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Fact Checking Claims About Vaccine Testing by Robert F. Kennedy Jr.
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Fact Checking Claims About Vaccine Testing by Robert F. Kennedy Jr.

The Democratic presidential candidate made a misleading statement in a Fox News interview.

Robert F. Kennedy, Jr. speaks at a SiriusXM town hall at the Centre Theater on June 5, 2023, in Philadelphia. (Photo by Lisa Lake/Getty Images/SiriusXM)

Editor’s note: This piece has been updated with a response from Robert F. Kennedy Jr.’s campaign.

On July 10, Fox News anchor Jesse Watters pressed Democratic presidential candidate Robert F. Kennedy Jr. on his claims about vaccine safety. Kennedy argued that vaccines “should have the same kind of testing—placebo-controlled trials—that we have for every other medication” and alleged that “vaccines are exempt from pre-licensing controlled placebo trials.” This claim is missing context.

Placebo trials are a standard feature of the third phase of clinical trials for new vaccines, which are “generally given to thousands of people, with those who receive the vaccine compared to those who receive a placebo,” according to the Food and Drug Administration (FDA).

Some previously authorized vaccines do not undergo placebo trials when redeveloped. Prevnar 13, for example, is a standard infant immunization that has not undergone placebo controlled trials. Prevnar 7, its predecessor, was licensed for public consumption in 2000. 

The World Health Organization published a report in 2014 citing “ethical concerns” over the use of placebo trials in cases where “participants in the control arm are deprived of an existing vaccine,” recommending such trials only in certain circumstances. This does not, however, contradict the fact that placebo controlled trials are a standard part of the vaccine licensing process.

Kennedy’s claim appears to hinge on his definition of “placebo.” Informed Consent Action Network (ICAN), an anti-vaccine advocacy group for which Kennedy has served as legal counsel, has cited a CDC guideline saying that a placebo is a  “substance or treatment that has no effect on living beings” to argue that only water or saline are acceptable placebos. 

As Dr. Paul Offit, a professor of vaccinology at the University of Pennsylvania, writes, the FDA, as the vaccine regulator, has final authority on the definition of a placebo for vaccine trials. The FDA’s approved definition of a placebo is an “inactive” or “inert” substance that produces no immune response. This definition includes but is not limited to water-based substances, and includes placebos with sugar or starch components.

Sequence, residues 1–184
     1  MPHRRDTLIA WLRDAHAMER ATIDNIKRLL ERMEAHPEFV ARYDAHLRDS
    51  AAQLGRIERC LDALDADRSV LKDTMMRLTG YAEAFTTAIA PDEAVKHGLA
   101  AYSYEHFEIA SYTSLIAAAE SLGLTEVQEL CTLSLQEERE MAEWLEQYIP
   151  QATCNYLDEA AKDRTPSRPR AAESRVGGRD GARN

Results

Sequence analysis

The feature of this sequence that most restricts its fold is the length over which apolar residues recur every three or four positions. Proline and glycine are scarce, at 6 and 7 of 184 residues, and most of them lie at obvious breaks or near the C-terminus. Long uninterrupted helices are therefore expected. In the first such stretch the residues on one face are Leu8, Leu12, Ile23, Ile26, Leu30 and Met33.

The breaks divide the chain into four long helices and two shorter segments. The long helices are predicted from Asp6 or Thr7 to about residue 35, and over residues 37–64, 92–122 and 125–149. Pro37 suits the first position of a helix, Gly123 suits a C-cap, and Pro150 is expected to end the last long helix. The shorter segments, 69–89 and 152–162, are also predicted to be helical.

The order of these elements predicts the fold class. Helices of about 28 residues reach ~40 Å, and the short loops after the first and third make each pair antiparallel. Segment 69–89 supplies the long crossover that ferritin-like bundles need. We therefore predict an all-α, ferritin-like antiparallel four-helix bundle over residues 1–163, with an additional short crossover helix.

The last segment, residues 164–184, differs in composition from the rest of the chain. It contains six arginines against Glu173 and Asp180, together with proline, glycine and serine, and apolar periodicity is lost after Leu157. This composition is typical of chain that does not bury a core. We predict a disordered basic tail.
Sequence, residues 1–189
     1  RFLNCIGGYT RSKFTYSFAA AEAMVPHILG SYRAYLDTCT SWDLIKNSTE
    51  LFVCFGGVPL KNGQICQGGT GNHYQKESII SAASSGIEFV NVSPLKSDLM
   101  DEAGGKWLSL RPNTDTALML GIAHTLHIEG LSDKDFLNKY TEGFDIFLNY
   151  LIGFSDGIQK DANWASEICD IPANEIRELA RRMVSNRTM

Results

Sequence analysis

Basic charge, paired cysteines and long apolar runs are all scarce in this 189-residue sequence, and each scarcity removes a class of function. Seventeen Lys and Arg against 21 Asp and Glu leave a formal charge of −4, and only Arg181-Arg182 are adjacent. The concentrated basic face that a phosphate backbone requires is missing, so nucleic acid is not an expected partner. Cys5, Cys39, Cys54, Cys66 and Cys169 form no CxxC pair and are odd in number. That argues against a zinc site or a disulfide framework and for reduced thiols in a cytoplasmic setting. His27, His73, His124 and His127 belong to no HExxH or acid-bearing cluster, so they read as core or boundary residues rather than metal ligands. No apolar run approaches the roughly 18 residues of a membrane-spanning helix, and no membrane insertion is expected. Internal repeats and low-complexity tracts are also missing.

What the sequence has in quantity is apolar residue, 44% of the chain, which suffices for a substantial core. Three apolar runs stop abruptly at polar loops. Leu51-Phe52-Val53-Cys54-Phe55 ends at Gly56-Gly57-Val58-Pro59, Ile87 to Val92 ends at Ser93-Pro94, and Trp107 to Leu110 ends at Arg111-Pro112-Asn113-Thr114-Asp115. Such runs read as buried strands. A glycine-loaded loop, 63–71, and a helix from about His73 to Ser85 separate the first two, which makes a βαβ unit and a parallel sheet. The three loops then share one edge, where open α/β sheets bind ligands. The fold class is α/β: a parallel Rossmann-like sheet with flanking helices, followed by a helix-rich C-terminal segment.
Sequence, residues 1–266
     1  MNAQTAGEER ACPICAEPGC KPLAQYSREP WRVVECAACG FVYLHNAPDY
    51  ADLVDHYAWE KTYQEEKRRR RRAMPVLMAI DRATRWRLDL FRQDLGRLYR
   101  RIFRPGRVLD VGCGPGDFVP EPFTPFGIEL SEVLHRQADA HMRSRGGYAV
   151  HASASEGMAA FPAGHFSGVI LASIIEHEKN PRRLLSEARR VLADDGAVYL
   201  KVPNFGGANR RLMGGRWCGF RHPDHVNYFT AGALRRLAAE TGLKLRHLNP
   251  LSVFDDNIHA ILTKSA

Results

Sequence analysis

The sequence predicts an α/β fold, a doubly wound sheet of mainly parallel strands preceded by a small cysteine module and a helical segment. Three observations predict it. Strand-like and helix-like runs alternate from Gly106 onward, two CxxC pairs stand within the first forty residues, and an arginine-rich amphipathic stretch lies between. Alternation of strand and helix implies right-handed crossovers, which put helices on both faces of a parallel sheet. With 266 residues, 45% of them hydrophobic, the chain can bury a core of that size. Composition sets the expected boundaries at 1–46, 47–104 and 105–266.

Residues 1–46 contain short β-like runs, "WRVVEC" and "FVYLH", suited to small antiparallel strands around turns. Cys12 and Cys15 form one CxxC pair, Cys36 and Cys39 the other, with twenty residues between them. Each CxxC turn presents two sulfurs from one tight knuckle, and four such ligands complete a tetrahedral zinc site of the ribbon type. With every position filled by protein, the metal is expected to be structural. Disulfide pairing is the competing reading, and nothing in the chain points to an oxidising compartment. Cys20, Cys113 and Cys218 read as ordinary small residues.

“The only way I would interpret [Kennedy’s comments] is in terms of how he would define a placebo,” Offit tells The Dispatch. “But he’s made up his own definition of what a placebo is.”

Update: In response to a request for comment following the statement, the Kennedy campaign team told The Dispatch Fact Check that placebos for vaccine trials are “almost never inert” because the FDA allows previously authorized vaccines to be used in control trials, as well as adjuvants—substances designed to enhance the effect of a control substance.

In such trials, the FDA allows those older approved vaccines to be used as a “control substance” to track adverse changes in the new product. Such substances are not inert.

Dr. Offit tells The Dispatch that these further claims are misleading. The adverse effects of previously authorized vaccines are already captured at the population level, for example through the Vaccine Adverse Event Reporting System. 

Nor do adjuvant substances, such as aluminum, produce an immune response unless they are combined with a non-inert substance. “The adjuvant itself doesn’t enhance the immune response to something that isn’t immunogenic,” he says. “If I gave you an aluminum salt, which is an adjuvant, and I combined it with sucrose, it’s not going to create an immune response to sucrose, because that’s an immunologically inert substance.”

If you have a claim you would like to see us fact check, please send us an email at factcheck@thedispatch.com. If you would like to suggest a correction to this piece or any other Dispatch article, please email corrections@thedispatch.com.

Oliver Rhodes is an intern for The Dispatch.